Empire is far more sprawling than you’d expect by the title, which suggests a microscopic look at the inner workings of Atlantic City. Like The Wire as a silent film, the show tumbles all over the place, exploring the dynamics of the racket in New York and in Chicago, where a young, cherubic Al Capone is a bartending lackey. Its briskness demonstrates that period accuracy doesn’t have to diminish the story. Empire teems with plot. By the end of the pilot (directed by Martin Scorsese, making his series-television debut), a tapestry of absorbing arcs has been sketched out. The pilot’s density is almost intimidating, but it’s mostly table setting. The pace of subsequent episodes slows—a little, anyway—and allows the story to blossom.
The detail of the era is on glorious display, from Nucky’s impeccable wardrobe to the bustling boardwalk, which includes such attractions as a storefront incubator where customers can pay to gawk at premature babies. There is one major—and welcome—departure from historical accuracy. Where series such as The Tudors cast impossibly handsome actors to portray historically homely monarchs, Empire relies on a character actor even more, ahem, “characterlike” than his real-life counterpart. Unlike the hearty, real-life Nucky, Buscemi is slender and squirrelly, with wild eyes and a snaggletoothed smile. His slight frame works to his advantage (and not only because it puts some distance between Nucky and Tony Soprano). Nucky can be ferocious, but when he quells a brewing war between two factions with a brief, quiet negotiation as opposed to force, we get a sense of the power of his intelligence and cunning. The rest of the cast is just as formidable. Michael Pitt plays Jimmy Darmody, Nucky’s driver and flunky, whose ambition to rise through the ranks of Nucky’s organization quickly congeals into hubris. Pitt has always been reminiscent of an indie it-boy version of Leonardo DiCaprio, but never more than he does here—and under Scorsese’s direction, no less. Michael Shannon provides his usual intensity as a Prohibition agent who sniffs out even larger misdeeds in Nucky’s organization than a few barrels of basement whisky.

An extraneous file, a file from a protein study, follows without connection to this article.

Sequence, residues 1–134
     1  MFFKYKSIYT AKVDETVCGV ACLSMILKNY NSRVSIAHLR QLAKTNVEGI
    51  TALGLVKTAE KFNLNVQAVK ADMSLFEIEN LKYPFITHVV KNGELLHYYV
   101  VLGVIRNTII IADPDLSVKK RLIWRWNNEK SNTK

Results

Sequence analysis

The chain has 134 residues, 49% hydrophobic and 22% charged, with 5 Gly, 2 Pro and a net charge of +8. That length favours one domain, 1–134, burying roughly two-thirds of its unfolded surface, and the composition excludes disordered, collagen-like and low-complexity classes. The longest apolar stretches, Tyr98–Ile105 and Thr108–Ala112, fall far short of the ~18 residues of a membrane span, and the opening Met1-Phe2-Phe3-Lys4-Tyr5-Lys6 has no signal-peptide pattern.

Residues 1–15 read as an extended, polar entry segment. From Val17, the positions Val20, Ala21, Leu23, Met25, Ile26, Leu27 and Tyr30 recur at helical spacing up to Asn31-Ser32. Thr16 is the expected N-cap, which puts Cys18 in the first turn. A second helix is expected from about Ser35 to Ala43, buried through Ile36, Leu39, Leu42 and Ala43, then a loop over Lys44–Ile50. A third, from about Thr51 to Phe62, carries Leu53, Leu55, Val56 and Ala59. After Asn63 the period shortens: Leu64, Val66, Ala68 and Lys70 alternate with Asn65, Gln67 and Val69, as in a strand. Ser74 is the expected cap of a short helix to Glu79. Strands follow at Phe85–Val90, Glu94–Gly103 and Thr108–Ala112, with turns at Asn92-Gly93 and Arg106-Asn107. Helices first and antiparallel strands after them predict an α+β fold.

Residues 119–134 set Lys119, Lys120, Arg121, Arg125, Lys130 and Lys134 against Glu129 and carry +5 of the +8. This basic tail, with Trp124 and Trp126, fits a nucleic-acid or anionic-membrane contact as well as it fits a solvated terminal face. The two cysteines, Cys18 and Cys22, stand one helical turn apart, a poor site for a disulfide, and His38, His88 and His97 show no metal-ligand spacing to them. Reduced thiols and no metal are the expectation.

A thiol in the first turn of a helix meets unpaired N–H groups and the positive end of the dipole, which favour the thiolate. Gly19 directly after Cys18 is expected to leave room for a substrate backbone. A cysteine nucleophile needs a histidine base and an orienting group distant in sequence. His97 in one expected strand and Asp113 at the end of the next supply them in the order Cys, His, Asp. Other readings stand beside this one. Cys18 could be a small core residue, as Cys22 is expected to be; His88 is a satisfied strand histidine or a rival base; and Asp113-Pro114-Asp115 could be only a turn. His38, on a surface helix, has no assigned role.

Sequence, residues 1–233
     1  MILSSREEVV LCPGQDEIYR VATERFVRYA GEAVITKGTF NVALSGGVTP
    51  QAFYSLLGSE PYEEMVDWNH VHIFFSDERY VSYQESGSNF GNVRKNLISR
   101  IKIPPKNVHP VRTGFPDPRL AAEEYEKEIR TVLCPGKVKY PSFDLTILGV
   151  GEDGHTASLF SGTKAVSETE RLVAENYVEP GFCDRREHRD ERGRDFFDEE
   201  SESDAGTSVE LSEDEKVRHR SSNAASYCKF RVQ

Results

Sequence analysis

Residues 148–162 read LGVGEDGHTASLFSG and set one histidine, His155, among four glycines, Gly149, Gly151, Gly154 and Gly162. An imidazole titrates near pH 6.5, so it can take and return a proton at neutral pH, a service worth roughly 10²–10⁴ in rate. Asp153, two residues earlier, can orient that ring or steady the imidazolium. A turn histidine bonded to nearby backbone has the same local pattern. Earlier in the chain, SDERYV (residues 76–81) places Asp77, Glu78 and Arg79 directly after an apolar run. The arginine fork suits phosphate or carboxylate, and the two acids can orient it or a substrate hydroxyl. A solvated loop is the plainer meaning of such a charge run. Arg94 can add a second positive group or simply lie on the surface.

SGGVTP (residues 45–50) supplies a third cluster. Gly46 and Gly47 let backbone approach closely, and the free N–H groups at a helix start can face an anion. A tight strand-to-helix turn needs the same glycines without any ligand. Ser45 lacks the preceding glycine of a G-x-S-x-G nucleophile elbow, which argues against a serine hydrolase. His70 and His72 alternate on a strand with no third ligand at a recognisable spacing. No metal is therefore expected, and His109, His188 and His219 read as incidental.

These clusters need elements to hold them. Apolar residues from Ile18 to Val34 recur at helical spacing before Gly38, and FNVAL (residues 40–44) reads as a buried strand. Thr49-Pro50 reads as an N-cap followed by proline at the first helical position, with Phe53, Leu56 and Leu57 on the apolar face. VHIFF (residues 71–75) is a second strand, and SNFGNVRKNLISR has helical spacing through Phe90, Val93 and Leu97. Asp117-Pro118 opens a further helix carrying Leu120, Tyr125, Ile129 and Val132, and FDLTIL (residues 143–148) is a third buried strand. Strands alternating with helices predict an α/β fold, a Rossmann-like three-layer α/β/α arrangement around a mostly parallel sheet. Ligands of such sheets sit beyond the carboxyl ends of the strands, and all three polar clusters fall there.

Boardwalk Empire has a good chance of becoming more than the series that restored HBO to its Sopranos-era halcyon days. It could very well be the beginning of a successful campaign to destroy the prestige lines between film and series television once and for all. Landing Scorsese as a director and executive producer on a series is a minor coup and was likely instrumental to attracting Buscemi, Pitt, and Shannon, none of whom has starred in a series. Meanwhile, Michael Mann will be directing Dustin Hoffman and Nick Nolte in Luck, a horse-racing drama from David Milch, while Kathryn Bigelow is directing The Miraculous Year, a behind-the-scenes drama about a Broadway play that will star Susan Sarandon, Frank Langella, and Patti LuPone. Last year the channel dropped the “It’s not TV, it’s HBO” slogan, and with good reason. After helping to redefine the connotations of television, and on the cusp of doing it again, there’s no reason to hide from that word anymore. Empire is further proof that we’re living in a golden age of television, and that’s reason to party like it’s 1919.